There is also a veterans’ lounge, a dedicated office to serve the veteran and military-affiliated population at Penn for the almost 300 students taking advantage of VA benefits, says Stephanie Brocklehurst, the Center’s associate director. This includes students who are veterans themselves as well as undergraduates whose parents have transferred their benefits.
“The theory behind this space is a one-stop shop with a series of generalists who are able to solve the majority of student issues, concerns, questions in that first encounter,” Richards says. “And if not, to quickly get them to the expert who can.” The idea is to limit the number of touches and enhance the service experience so that students are leaving with their issue actually resolved, he says.
“After the past year and a half of doing everything virtually,” Greenberg says, “it’s a good feeling to be able to look somebody in the eye and get a personal experience with someone, a real person with a name, with whom you can follow up and know that you’ve met them before.”
One of these real people is Wynter Adams, one of five peer counselors employed as student workers by the Financial Wellness @ Penn program, which uses the space for educational programming. On the topic of personal finance, “a lot of people come in to talk about one thing and need help with another,” Adams says. Investing is a trending topic, so students will come in for that, but in the short term they might need help with budgeting, she says, referencing a recent interaction. “We ended up just having a conversation about how do you do price comparisons on groceries.”
Originally from Statesville, North Carolina, Adams is earning her master’s degree in environmental studies, concentrating in resource studies. It’s a “great experience being able to connect with people and help them,” says Adams. “My mom is an accountant, so she always made finances less intimidating for me.” Her college friends didn’t have the same relationship to money, Adams says. “They were really, really intimidated and just put it off until they had to do something about it. That really connected me to the mission of financial wellness.”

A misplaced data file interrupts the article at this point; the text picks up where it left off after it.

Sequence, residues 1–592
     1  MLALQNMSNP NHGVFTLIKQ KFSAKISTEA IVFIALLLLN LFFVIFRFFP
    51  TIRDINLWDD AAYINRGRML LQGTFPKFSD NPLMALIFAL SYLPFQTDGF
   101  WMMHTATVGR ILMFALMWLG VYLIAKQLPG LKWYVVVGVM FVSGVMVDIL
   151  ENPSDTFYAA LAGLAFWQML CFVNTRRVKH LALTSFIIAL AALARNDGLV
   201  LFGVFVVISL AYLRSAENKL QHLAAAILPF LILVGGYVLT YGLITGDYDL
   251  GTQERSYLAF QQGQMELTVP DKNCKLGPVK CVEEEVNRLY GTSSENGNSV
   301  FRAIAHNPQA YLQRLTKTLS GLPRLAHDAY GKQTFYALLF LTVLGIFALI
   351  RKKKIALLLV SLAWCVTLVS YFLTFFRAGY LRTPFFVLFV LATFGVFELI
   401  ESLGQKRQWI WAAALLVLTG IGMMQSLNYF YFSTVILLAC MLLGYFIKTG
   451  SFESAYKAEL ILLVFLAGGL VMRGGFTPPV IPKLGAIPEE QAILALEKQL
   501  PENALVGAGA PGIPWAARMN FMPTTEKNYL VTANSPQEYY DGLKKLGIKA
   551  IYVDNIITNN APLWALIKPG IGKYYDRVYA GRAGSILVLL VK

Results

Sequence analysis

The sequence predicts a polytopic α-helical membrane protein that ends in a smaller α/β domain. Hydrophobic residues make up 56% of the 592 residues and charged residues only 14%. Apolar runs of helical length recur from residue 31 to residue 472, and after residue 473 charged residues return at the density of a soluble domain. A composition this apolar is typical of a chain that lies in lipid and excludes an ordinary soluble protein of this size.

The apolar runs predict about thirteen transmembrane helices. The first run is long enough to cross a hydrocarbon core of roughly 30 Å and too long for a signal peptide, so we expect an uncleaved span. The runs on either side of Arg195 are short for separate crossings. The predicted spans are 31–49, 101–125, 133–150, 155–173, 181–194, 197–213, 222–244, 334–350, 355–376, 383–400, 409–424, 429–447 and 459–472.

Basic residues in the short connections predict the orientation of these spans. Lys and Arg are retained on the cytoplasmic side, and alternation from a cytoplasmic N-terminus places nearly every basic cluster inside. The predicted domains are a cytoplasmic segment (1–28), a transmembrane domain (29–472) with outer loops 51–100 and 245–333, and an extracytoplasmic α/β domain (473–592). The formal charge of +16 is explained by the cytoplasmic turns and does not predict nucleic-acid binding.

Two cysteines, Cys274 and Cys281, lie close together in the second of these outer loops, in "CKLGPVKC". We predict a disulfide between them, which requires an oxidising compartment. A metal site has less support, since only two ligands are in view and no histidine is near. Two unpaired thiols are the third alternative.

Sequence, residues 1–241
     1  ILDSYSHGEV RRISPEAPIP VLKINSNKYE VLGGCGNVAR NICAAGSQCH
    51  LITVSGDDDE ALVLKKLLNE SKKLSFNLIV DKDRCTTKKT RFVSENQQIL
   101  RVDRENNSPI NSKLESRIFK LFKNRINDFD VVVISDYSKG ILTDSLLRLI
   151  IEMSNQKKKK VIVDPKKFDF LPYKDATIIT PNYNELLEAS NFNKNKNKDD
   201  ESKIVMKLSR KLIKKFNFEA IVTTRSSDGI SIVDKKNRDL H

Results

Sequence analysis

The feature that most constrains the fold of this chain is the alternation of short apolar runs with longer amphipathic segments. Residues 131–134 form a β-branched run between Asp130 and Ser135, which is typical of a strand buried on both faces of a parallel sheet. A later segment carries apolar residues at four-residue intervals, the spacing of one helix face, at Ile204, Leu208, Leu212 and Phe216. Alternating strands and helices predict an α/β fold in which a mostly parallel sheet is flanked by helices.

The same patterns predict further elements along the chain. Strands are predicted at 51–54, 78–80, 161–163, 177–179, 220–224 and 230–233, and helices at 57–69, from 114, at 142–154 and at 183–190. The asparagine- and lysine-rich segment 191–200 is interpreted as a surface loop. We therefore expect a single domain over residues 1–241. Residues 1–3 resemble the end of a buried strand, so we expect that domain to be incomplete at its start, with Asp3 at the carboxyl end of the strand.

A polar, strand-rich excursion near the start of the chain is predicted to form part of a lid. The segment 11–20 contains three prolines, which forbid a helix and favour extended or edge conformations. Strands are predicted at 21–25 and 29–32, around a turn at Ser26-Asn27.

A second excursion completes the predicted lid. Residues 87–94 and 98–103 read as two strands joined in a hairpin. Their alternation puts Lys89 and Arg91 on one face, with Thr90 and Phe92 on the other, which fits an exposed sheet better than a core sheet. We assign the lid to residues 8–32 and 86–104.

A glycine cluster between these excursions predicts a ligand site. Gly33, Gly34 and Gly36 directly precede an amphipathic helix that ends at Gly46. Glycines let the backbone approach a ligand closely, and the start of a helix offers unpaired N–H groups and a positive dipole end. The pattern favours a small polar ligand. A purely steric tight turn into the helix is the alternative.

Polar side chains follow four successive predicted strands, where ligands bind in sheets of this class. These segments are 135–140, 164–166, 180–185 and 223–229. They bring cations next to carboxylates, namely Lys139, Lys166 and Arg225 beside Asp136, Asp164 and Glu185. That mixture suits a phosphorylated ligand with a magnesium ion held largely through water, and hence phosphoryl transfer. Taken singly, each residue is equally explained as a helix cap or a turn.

Psychology major Mennal Zafar is a financial wellness program associate who has used the service center herself. The junior from Brooklyn, New York, wanted to drop a class but was unsure if she would still be considered a full-time student with fewer credits. The counselor “sat down, gave me a lot of assurance,” Zafar says. “For anyone who is struggling with navigating the financial aid process, it’s definitely worth it.”
In addition to financial wellness peer counselors, the center employs 10 full-time staff members, in addition to the 11th counselor dedicated to veteran’s affairs. The counselors spend part of their time in the back office answering email and phone queries and the other part meeting students. “It’s been a very rewarding experience,” service center counselor Susan Mclaughlin says. “When someone comes in, right away you have a whole different rapport with somebody. You’re not just having that verbal contact, you’re having non-verbal contact. You can get a better feel for what their concern is.”
“My favorite thing is sitting at the front counter and seeing students when they come in,” Mclaughlin says. She loves “that satisfaction of helping them on the spot.” The center makes her feel like she’s part of something bigger. “We’re here to service the students and to do that in person is really nice,” she says.